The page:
3. Your first job doesn’t define your career. I have friends who have quit 11 months into their first job — such millennials. Also the attitude that school was only to get a job I realized is a view that is so narrow! Getting an education is so much more than getting a job; I can’t discount everything I learned, the relationships I formed, and the memories I made. Truth is, I don’t love my job. Some days I’m doing monotonous tasks and feel like I was hired because they needed some warm bodies (financial services consulting not always fun? Shocked me too!) But that does not mean I made a wrong decision. I do love aspects of my job because I am learning a lot and see myself growing professionally.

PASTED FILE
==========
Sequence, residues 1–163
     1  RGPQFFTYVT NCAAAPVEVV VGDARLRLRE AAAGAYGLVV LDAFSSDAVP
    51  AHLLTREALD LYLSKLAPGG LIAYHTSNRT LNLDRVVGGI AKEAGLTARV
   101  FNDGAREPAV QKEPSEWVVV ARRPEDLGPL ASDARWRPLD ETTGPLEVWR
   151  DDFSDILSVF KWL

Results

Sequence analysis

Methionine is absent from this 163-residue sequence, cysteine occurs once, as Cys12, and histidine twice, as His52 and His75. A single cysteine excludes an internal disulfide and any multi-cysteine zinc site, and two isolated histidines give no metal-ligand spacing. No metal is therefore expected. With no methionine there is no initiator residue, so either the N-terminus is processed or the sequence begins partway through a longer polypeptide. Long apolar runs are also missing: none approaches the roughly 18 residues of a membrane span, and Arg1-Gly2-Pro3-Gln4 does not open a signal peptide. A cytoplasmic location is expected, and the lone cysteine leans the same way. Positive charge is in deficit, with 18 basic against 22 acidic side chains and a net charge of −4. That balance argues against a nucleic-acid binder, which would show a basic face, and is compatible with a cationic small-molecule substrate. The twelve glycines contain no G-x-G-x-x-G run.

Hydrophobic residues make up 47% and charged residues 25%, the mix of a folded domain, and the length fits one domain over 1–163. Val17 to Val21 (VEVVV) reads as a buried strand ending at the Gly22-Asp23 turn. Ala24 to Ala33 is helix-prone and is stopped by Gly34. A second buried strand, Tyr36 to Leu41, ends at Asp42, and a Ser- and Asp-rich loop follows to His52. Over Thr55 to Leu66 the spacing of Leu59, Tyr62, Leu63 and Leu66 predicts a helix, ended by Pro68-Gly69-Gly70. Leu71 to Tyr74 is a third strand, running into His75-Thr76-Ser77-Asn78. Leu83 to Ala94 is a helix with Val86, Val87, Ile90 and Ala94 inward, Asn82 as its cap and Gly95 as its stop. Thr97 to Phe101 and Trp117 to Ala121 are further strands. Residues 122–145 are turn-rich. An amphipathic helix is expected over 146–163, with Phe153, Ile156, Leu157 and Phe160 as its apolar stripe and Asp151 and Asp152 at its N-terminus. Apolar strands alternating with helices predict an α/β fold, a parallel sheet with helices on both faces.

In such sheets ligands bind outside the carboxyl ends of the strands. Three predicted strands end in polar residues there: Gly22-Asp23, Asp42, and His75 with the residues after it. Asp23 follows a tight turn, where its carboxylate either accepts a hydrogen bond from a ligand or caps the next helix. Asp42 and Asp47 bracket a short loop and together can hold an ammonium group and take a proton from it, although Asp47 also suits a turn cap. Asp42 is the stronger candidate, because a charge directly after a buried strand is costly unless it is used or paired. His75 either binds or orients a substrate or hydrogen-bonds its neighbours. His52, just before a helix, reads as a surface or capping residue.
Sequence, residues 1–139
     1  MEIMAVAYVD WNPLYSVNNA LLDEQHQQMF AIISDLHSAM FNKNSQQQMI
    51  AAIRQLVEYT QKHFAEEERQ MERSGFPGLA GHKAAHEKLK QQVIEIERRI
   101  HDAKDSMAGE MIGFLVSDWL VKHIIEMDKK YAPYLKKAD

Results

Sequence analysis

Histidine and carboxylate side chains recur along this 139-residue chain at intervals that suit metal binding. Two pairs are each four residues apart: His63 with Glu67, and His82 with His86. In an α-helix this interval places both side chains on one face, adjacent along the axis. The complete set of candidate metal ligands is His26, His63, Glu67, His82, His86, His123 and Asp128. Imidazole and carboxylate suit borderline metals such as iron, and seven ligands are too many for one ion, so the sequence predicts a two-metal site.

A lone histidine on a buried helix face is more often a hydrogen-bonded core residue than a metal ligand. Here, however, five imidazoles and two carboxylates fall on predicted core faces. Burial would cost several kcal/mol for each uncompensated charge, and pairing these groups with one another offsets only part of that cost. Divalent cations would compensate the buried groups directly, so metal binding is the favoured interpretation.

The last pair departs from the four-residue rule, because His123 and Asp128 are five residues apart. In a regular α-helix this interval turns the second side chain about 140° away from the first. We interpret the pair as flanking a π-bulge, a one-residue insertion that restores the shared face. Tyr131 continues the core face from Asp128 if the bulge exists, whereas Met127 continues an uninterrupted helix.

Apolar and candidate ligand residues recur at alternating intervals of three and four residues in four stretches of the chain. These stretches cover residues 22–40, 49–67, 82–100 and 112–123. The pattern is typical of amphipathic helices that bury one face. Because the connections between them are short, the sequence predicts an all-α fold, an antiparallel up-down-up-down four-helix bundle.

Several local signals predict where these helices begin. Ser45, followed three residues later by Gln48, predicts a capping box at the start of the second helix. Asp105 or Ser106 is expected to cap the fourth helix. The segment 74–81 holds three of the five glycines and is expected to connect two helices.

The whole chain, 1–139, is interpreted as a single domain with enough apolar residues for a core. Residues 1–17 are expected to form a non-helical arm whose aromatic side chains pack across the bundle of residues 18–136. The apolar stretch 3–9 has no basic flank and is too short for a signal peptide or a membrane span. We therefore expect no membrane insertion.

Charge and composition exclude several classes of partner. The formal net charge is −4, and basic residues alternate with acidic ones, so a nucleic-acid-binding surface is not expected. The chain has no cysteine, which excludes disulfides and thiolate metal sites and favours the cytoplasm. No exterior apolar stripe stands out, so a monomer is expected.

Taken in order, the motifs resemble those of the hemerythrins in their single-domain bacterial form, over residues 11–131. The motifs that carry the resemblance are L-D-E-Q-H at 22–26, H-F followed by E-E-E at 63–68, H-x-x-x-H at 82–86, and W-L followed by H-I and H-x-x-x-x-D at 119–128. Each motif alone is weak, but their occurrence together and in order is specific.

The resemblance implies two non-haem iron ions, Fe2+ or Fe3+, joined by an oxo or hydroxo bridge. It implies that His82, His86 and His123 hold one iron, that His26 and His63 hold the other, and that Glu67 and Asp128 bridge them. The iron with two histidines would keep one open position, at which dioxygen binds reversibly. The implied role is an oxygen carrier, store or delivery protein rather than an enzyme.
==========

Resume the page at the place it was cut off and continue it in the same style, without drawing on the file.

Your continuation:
4. Work is very different from school. The keys to success are not defined by a letter grade. Your year end review is not solely based on how much you can cram during finals week. It’s a holistic view of everything that you accomplished for the year. As for my toolkit, I quickly learned that it’s not empty because prior experience and school projects taught me how to learn quickly and think analytically which proved really valuable. Plus I was lucky enough to work around the phenomenal people who serve as invaluable mentors to me at work and in life in general!